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1993

Torts

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Full-Text Articles in Law

Resurrecting An Old Cause Of Action For A New Wrong: Battery As A Toxic Tort, Christopher J. Mcauliffe Dec 1993

Resurrecting An Old Cause Of Action For A New Wrong: Battery As A Toxic Tort, Christopher J. Mcauliffe

Boston College Environmental Affairs Law Review

No abstract provided.


Proving Causation In Toxic Tort Cases: T-Cell Studies As Epidemiological And Particularistic Evidence, Elizabeth A. Stundtner Dec 1993

Proving Causation In Toxic Tort Cases: T-Cell Studies As Epidemiological And Particularistic Evidence, Elizabeth A. Stundtner

Boston College Environmental Affairs Law Review

No abstract provided.


Federal Rule Of Evidence 407 As Applied To Products Liability: A Rule In Need Of Remedial Measures, Michele B. Colodney Nov 1993

Federal Rule Of Evidence 407 As Applied To Products Liability: A Rule In Need Of Remedial Measures, Michele B. Colodney

University of Miami Law Review

No abstract provided.


The Constitutionality Of Redlining: The Potential For Holding Banks Liable As State Actors, Joan Kane Nov 1993

The Constitutionality Of Redlining: The Potential For Holding Banks Liable As State Actors, Joan Kane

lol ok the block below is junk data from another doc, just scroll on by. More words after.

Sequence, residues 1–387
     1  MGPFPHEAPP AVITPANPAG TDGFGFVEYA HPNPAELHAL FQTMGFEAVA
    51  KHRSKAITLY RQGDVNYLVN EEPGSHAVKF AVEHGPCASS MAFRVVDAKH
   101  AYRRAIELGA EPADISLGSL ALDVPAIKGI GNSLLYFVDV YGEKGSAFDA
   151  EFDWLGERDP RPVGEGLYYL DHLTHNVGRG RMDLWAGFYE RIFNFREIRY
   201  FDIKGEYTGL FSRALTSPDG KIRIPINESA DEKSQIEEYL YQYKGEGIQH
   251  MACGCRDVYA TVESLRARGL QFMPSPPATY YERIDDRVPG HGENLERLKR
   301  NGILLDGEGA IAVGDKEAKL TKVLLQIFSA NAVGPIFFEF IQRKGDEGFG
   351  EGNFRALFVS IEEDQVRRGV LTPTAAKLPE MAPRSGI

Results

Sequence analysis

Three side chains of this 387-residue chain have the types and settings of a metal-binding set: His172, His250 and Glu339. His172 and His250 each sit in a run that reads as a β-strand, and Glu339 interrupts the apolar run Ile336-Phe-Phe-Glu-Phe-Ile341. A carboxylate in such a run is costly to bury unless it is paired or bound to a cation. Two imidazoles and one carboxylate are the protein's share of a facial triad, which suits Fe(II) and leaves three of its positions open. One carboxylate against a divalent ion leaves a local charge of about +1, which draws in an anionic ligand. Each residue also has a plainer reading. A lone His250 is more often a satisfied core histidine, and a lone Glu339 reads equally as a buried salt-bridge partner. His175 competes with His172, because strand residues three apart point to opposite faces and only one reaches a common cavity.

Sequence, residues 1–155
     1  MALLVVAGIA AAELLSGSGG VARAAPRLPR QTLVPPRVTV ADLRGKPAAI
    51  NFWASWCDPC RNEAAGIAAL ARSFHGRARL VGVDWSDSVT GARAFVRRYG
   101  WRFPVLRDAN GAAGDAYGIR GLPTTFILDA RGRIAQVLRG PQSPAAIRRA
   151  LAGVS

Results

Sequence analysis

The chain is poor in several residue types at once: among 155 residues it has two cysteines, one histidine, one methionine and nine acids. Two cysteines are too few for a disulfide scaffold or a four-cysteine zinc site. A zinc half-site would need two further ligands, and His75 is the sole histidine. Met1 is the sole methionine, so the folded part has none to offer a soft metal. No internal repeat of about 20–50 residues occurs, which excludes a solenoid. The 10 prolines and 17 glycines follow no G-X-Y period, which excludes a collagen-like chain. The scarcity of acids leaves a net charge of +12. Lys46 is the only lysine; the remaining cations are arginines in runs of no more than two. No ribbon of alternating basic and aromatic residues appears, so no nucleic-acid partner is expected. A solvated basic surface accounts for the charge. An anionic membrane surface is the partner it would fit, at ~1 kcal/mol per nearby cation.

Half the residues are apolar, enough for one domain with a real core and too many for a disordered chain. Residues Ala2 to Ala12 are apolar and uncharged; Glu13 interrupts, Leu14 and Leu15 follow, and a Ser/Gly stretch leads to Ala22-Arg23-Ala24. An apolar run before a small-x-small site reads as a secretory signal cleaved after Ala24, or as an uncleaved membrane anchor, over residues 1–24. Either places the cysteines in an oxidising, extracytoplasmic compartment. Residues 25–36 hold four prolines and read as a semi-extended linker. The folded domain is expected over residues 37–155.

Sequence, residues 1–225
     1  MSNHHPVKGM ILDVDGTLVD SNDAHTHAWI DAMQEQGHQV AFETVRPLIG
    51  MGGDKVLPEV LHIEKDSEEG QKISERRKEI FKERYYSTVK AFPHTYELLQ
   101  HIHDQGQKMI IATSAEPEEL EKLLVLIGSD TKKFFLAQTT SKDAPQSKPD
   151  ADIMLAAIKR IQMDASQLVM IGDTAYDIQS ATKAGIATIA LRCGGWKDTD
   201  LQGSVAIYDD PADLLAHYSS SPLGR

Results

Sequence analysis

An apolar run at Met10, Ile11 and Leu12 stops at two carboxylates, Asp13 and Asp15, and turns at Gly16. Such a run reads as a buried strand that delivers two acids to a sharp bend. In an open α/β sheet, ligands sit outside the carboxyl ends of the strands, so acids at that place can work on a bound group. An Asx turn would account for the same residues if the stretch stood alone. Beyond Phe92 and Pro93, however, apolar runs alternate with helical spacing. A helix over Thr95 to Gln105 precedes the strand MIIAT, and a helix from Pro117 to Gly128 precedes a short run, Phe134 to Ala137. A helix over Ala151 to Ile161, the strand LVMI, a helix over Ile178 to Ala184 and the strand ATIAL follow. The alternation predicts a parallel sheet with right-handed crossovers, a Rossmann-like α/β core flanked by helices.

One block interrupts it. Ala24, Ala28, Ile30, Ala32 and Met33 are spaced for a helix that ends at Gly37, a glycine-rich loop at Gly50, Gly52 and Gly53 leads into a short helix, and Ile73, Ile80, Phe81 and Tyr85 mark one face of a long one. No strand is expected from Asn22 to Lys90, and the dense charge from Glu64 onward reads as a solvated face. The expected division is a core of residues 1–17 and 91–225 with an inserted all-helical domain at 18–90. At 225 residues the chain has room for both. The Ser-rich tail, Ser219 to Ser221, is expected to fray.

William & Mary Bill of Rights Journal

No abstract provided.


Tort Reform: An Important Issue For Women, Lucinda M. Finley Oct 1993

Tort Reform: An Important Issue For Women, Lucinda M. Finley

Circles: Buffalo Women's Journal of Law and Social Policy

No abstract provided.


Revising Section 402a: The Limits Of Tort As Social Insurance, James A. Henderson Jr. Oct 1993

Revising Section 402a: The Limits Of Tort As Social Insurance, James A. Henderson Jr.

Cornell Law Faculty Publications

No abstract provided.


Proportional Liability: Statistical Evidence And The Probability Paradox, David A. Fischer Oct 1993

Proportional Liability: Statistical Evidence And The Probability Paradox, David A. Fischer

Faculty Publications

Three major policies underlie tort liability: deterrence, compensation, and corrective justice. A primary justification for proportional liability is its alleged superiority in advancing the tort policy of deterrence. This Article demonstrates a significant flaw in this claim by showing that the use of tort liability in multiple cause cases involving statistical evidence in fact serves the policy of deterrence quite poorly.


Law And Economics, Michael J. Trebilcock Oct 1993

Law And Economics, Michael J. Trebilcock

Dalhousie Law Journal

Prior to 1960, most North American law schools paid attention only to anti-trust, public utility regulation, and perhaps tax policy from a law and economics perspective (sometimes referred to as the "old" law and economics). However, beginning in the early 1960's with pioneering articles by Guido Calabresi on tort law and Ronald Coase (the 1991 recipient of the Nobel Prize in Economics) on property rights, followed by prolific writings and a comprehensive text by Richard Posner on a vast range of legal issues, the field of law and economics has burgeoned with many lawyers and economists around the world now …